We’ve been on a whirlwind visit to America… we arrived in Washington on Wednesday evening, late. On Thursday morning, very bright and early, on a crisp, clear, wintry day, we had our first appointment – as you do – at the White House.
We were there for a tour of this beautiful building with the chief curator. Dream light as we arrived…
Dazzling Zuber wallpaper in the Diplomatic Reception Room…
Then out onto the great South lawn…
The West Wing:
The State Drawing Room:
President Theodore Roosevelt, painted by John Singer Sargent:
The Blue Room, decorated by Hilary Clinton:
The Red Room had this beautiful portrait of Woodrow Wilson, painted by William Orpen…
The White House Gingerbread House – left over from the Christmas decorations…
One of the beautiful pantries and kitchens installed in the 50s by President Truman… totally intact.
In the basement, the north porch of the old White House reveals the sooted scars of the British Burning of Washington, in 1812.
The famous, if slightly odd, east facing window of the President’s private living quarters.
And then we were off – after the most fantastic, in depth, three hour tour of this incredible, fabled building. What a way to start.
Charlie and I walked over to the Washington Monument…
And then to the Lincoln Memorial…
Gleaming like an Ancient Greek temple in the clear sunshine.
And then we headed out to Mount Vernon, Washington’s country house, glowing in the the beautiful warm sunshine….
The gardens sparkled, their structure revealed. Here is the reconstructed orangery…. with the quarters of the enslaved in either flanking wing.
The house was largely deserted. There was one other couple on our tour, brilliantly given, filled with facts; the interiors shining with rich and unexpected colours.
We absolutely loved our visit. Back to a very late lunch in Georgetown, a sleep in our hotel, and an evening at the Winter Antiques Show where I was speaking the next day. Friday passed in a whirlwind of lecture, lunch, and booksigning, and it was a weary quartet of Charlie, me and our friends Austin and Spencer who drove down to their cottage in Virginia, arriving in Charlottesville late that evening.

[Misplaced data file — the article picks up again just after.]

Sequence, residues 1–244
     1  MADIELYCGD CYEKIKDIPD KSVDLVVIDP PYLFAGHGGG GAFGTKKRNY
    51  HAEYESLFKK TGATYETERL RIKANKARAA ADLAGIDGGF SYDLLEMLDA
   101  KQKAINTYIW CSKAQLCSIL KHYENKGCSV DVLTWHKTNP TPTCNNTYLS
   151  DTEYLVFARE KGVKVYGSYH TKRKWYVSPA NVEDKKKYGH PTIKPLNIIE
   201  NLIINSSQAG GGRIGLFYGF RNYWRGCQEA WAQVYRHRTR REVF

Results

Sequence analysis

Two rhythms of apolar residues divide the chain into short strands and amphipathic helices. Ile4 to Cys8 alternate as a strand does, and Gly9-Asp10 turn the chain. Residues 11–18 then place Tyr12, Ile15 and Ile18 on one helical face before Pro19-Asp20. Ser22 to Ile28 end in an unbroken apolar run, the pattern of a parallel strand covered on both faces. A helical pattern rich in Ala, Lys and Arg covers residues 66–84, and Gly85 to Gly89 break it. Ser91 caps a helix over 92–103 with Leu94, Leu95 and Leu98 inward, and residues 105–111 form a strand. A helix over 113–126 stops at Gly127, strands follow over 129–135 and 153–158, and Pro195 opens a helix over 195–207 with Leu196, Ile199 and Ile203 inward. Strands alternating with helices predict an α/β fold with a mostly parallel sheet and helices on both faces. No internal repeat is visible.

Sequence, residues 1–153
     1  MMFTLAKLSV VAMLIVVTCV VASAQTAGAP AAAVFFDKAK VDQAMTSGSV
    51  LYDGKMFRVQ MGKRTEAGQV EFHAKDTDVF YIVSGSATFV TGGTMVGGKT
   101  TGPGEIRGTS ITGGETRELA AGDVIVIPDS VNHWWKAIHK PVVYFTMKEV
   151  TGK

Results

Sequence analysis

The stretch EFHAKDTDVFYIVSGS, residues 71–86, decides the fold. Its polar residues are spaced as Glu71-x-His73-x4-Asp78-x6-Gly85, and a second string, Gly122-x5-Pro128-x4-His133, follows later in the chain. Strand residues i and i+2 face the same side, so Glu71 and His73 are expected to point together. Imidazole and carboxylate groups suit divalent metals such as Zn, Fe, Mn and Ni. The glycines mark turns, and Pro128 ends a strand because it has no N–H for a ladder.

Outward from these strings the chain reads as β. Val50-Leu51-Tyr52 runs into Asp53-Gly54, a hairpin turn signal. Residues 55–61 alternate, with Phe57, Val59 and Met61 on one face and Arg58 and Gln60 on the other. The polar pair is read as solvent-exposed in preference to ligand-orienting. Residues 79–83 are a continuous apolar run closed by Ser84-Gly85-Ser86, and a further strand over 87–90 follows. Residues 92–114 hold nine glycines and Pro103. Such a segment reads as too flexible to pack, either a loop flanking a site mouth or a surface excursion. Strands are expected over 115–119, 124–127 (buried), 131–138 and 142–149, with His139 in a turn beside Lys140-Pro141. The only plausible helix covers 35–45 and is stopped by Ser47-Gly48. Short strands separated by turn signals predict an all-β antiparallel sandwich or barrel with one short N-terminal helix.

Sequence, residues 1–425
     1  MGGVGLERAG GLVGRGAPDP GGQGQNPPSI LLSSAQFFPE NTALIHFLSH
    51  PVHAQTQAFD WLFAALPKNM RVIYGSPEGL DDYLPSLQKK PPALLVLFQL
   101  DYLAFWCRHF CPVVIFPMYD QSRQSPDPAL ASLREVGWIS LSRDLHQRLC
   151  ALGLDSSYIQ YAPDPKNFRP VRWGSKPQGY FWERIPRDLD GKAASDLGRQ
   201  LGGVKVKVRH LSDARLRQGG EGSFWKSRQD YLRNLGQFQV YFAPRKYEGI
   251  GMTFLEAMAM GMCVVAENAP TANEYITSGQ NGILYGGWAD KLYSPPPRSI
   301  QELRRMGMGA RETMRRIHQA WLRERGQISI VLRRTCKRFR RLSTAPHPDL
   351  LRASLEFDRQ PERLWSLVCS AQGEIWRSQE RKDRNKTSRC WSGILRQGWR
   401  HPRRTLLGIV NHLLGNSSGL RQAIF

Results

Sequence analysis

The next day, we visited some beautiful farms, neighbours of Austin and Spenny, before heading to Monticello, Thomas Jefferson’s incredible country house, that afternoon.
We arrived in the vegetable garden, and even at this time of year, with nothing in production, and on a grey, misty day, our jaws dropped.
Mulberry Row originally housed the quarters of the enslaved. A poignant place. History here, as we were reminded at every quarter, is complicated and challenging.
And then the view over Jefferson’s garden pavilion, and the huge, wide landscape below, opens up.
We toured the house, extraordinary, restless, architecturally incredible, but somehow, I found, lacking the happiness and contentment of Mount Vernon – does anyone else know what I mean? We ended with a private tour of the rotonda.
And then the grounds and gardens… looking back at Jefferson’s extraordinary building.
Back to the Vegetable garden, where the light was doing beautiful things.
And home to Casa Maria, Austin and Spencer’s tiny, beautiful, pink house, buried deep in the wooded countryside. The dream.
Sunday dawned bright and breezy. We went for a drive through horse country…. And then for a visit to the University of Virginia, with Jefferson’s great Rotonda and pavilions sparkling in brilliant sunshine around the great lawn…
A watercolour of the university when first built – slightly exaggerating the size of the rotunda, to be fair, with the pavilions and market gardens stretching out to the hills beyond – Monticello looking down on the scene in the distance.
And then for lunch with our friend Kinsey, at Shadwell, his perfect 1840s house outside of Charlottesville…
Kinsey’s dreamy interiors – who would believe he only moved in a few months ago?
And even dreamier – springlike sunshine on the porch, Bloodies flowing.
A few hours later – and we’d eaten the most delicious lunch imaginable. The sun was gently setting. Pudding on the porch.
And much, much laughter….
And time to leave, and head back to the airport, and drift back across the ocean, and arrive home, eyes blinking, as if waking from a dream.
It’s been quite a busy week, meetings left and right and centre, for both Charlie and me. It was with some relief that we got down to Dorset on Friday, for the first time since Boxing Day – can you believe. The house was happy to see us. It’s been the quietest weekend; frosty mornings, incredibly clear days, beautiful sunsets (is anyone else noticing that it’s still almost light at 5 o clock now?) . We had a long walk on Eggardon today with our friends Will and Brandon, and that’s about it.
I sometimes think the purpose of travel is to remind you how happy you are to be at home… as well as giving you a dose of inspiration on the way.